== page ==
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7 Things To Know About Moving From San Francisco CA to Austin TX

Austin is a long way from San Francisco. Not just in terms of distance, but there’s also a considerable gap between the two cities when it comes to the weather, culture, and taxes. In light of this, moving to a new home in Austin can be quite daunting, especially when you have little to no idea about the place you’re moving into. Don’t worry, though. You’ll be at ease when you get to know more about Austin at the end of this article.

Here are seven essential things about Austin when moving from California to Texas.

1. Cheaper Cost of Living

To start on a good note, living in Austin is way more affordable. Thanks to San Francisco’s booming tech industry and small footprint, the city is extremely expensive.

  • Median home cost plays a huge factor in the difference.
  • You can get a house for $420,000 in Austin while you will need $730,000 to obtain one in San Francisco.
  • Renting an apartment is also cheaper in comparison.
  • Bus fares and gas prices in Austin sit 7% below the national average.
  • As for groceries, Austin prices are 12% below the national average.

Even though you might save, it’s not the time to celebrate yet. Expect a lower salary in Austin when compared to San Francisco. Home utilities such as air-conditioning and electricity are more expensive to maintain because of the city’s scorching summers. Plus, Austin’s cost of living has been growing in tandem with its tech sector in recent years.

2. Feel the Heat

Another one of your concerns when moving to Austin might be the notorious Texas weather. It’s as hot as it gets. Coming from a moderate climate like San Francisco, you might find the scorching Texas temps unbearable at times. The average highs in both July and August reach 96 degrees, but it’s not unusual to experience weeks of triple-digit heat.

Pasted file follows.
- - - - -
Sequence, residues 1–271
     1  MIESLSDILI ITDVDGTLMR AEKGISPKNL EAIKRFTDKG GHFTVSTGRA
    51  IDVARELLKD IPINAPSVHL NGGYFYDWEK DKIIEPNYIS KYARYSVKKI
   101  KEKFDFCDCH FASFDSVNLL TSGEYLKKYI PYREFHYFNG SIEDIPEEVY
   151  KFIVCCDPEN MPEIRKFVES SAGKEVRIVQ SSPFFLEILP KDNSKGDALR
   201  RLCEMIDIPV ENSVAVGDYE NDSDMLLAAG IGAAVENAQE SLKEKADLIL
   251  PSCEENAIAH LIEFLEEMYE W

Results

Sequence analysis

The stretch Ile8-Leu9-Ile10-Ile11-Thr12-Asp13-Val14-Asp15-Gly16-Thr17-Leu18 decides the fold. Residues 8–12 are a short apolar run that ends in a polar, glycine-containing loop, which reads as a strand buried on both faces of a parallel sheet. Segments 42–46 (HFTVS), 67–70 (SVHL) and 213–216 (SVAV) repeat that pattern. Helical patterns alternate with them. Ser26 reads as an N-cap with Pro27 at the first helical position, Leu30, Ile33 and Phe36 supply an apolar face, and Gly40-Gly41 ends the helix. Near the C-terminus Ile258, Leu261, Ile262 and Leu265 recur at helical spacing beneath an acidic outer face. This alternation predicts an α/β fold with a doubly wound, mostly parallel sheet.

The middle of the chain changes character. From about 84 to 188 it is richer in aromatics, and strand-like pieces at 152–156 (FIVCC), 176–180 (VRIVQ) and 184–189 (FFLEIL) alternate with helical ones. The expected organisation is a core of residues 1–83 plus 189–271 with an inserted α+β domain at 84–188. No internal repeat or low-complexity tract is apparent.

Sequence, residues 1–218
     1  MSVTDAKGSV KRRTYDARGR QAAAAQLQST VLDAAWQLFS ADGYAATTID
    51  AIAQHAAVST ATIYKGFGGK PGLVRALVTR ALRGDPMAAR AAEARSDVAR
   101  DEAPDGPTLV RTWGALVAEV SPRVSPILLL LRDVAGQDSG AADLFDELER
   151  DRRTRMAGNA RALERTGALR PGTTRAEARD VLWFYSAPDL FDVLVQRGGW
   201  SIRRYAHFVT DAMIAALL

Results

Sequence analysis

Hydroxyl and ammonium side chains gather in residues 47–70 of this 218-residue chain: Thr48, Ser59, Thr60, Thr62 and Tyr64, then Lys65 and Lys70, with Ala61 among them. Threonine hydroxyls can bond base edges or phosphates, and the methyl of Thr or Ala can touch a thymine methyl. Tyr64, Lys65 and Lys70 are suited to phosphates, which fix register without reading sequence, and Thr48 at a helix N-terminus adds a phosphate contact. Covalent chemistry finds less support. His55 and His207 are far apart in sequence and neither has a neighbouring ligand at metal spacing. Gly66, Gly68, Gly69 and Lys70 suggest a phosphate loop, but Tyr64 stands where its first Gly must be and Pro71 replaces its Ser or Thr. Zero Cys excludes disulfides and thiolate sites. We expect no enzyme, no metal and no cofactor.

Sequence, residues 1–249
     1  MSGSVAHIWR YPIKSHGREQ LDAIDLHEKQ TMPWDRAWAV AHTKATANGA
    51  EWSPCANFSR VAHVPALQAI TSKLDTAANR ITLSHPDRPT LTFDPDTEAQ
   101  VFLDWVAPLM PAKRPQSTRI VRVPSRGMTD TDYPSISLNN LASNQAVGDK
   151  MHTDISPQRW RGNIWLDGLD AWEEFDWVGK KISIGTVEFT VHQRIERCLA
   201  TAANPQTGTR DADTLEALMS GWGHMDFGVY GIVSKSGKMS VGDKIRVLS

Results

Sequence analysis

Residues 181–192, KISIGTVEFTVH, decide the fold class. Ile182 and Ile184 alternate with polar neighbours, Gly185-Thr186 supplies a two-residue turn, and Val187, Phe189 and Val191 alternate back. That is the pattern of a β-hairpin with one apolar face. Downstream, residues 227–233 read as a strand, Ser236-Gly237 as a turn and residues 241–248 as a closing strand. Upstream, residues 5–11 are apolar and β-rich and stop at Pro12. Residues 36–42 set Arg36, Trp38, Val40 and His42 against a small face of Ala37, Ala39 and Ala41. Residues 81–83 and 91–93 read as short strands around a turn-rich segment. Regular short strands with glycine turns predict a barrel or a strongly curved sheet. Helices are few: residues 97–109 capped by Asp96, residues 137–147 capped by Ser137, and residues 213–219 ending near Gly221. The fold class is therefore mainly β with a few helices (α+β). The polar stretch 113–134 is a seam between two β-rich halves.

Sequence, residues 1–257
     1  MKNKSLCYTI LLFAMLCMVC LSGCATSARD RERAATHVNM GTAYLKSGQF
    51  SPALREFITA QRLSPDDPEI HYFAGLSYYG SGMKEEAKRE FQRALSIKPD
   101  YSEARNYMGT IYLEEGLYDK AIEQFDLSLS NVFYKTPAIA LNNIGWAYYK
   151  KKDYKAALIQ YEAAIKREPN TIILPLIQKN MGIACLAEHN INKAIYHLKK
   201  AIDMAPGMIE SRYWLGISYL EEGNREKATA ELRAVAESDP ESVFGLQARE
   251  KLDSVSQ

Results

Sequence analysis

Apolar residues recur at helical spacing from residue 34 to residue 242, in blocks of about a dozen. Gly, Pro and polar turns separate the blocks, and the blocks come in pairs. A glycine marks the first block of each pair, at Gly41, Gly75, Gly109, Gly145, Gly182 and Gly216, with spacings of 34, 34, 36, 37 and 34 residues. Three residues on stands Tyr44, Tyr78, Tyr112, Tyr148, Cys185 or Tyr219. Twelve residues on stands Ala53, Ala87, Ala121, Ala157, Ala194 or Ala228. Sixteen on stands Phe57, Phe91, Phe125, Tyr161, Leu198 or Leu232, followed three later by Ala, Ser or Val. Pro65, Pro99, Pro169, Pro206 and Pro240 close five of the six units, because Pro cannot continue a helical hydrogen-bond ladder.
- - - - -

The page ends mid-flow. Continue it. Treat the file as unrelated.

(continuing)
Thankfully, most businesses have the AC cranked up and blasting during the hot months, and there are plenty of ways to beat the heat. Go for a dip in the 68-degree Barton Springs Pool, chill out with ice cream from Amy’s, or grab a cold marg at the local’s favorite, Trudy’s.

3. A Quick Guide to the Neighborhoods

To help you familiarize the place, here’s a rough idea of what the communities are like:

  • Downtown Austin: The heart of the city. It’s where you will find the expensive and elegant high-rises and condos.
  • North Austin: The dividing line between the peaceful suburbs and the lively downtown.
  • East Austin: Pretty diverse in terms of culture as it is undergoing gentrification. Lots of new hipster coffee shops and bars keep the East Side lively.
  • South Austin: Favorite moving spot for outsiders. Affordable with easy access to downtown and box store shopping.
  • West Austin: Best place to be if you want to live in a lush environment away from the city’s towering blocks of concrete.

4. Limited Access to Beaches

This is a major con to living in Austin, as most Californians like to say. The nearest beach along the Gulf of Mexico is a long three-hour drive from the city. But this doesn’t mean that you can’t enjoy a good swim. If you’re looking to relieve your need for a refreshing splash, you can always visit West Lake Beach along the shores of Lake Austin or one of the city’s many public pools and splash pads.